Last week, a judge denied a motion by Steve Peace, 43, an ex-Texas oil worker, for a new trial in a murder case. The convict’s Web site, Www.freestevepeace.com and “Unjustly accused. Unjustly convicted” assertion is an example of how new technology can provide an international soap box for would-be criminal justice reformers, says the Houston Chronicle.
Hundreds of Web pages, many featuring men on Texas’ death row, crowd cyberspace with claims of innocence. The Canadian Coalition Against the Death Penalty alone has provided free Internet sites to more than 500 condemned prisoners. The persuasive power of such Internet postings can be formidable, said University of Houston communications professor Garth Jowett. “It has created the ability to communicate on a highly intimate level,” he said. “It gives people the impression that a message has been specifically tailored to them.” If accepted uncritically, he warned, such messages can “become incredible weapons, dangerous loose cannons” exploited by propagandists.
Andy Kahan, the mayor’s victims’ rights advocate, believes that is what happens as inmate advocates proselytize via computer. “They use the Internet to promote their causes, usually with distortions,” Kahan said. “There’s little by way of checks and balances. You never see a correction or a disclaimer telling you to feel free to check out the facts. It’s made to seem that this is what happened. This is the truth.”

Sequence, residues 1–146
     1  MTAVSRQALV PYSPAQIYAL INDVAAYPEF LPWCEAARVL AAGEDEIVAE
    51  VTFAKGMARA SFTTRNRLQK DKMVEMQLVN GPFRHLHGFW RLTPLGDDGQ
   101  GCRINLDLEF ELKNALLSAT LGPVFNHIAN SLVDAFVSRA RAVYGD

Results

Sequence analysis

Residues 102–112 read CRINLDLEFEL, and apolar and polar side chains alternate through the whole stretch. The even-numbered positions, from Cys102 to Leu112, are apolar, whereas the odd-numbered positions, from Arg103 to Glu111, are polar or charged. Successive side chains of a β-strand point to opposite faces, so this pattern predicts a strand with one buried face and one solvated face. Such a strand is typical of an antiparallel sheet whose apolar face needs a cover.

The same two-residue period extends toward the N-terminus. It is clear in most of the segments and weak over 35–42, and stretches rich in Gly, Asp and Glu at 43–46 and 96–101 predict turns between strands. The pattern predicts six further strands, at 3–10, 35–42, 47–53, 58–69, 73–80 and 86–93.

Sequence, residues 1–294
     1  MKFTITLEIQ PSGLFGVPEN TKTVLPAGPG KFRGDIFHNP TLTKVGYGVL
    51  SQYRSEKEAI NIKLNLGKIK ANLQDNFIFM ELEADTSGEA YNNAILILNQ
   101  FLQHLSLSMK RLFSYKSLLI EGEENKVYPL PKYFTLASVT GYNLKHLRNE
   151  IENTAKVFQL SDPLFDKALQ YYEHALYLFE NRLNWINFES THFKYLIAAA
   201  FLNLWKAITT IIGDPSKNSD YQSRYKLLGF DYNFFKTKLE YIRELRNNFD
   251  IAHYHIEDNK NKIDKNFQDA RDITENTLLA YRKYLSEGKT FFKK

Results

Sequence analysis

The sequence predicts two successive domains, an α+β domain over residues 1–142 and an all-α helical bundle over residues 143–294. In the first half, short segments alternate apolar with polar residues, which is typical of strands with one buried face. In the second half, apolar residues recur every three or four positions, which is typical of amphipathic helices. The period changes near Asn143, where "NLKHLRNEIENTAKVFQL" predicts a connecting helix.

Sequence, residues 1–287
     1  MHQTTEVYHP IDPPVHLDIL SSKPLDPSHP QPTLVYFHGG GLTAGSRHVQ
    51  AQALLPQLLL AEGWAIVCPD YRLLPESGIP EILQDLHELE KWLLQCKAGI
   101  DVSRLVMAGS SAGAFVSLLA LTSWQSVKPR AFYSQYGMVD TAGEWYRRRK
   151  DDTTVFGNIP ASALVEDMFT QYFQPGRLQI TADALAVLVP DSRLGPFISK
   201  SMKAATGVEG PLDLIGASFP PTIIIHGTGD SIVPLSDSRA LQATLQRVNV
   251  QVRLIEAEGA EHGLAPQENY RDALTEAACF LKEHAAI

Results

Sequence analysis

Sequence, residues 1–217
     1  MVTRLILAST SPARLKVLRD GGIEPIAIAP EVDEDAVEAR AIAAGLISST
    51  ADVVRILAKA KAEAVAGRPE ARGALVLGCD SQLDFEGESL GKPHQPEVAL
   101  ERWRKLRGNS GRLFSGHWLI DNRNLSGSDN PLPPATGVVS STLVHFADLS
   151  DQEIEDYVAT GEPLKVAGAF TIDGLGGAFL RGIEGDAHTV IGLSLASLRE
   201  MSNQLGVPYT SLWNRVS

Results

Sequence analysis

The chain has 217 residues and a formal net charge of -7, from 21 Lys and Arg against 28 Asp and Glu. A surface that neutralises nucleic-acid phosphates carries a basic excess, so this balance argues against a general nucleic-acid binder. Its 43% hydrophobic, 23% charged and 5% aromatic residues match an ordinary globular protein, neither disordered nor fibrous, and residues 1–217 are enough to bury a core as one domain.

Kahan also said that the Web sites can be emotionally devastating for crime victim’s families. “They feel like they’ve been gutted all over again by the system,” he said.
In Houston, death penalty opponent Ward Larkin, a computer industry worker, began offering inmates free Web sites in 1995 after visiting death row. “It was my choice to post their information,” he said, “and I did so only after I had researched their cases thoroughly. … I didn’t anticipate changing anyone’s mind, I just wanted to allow them to inform themselves.”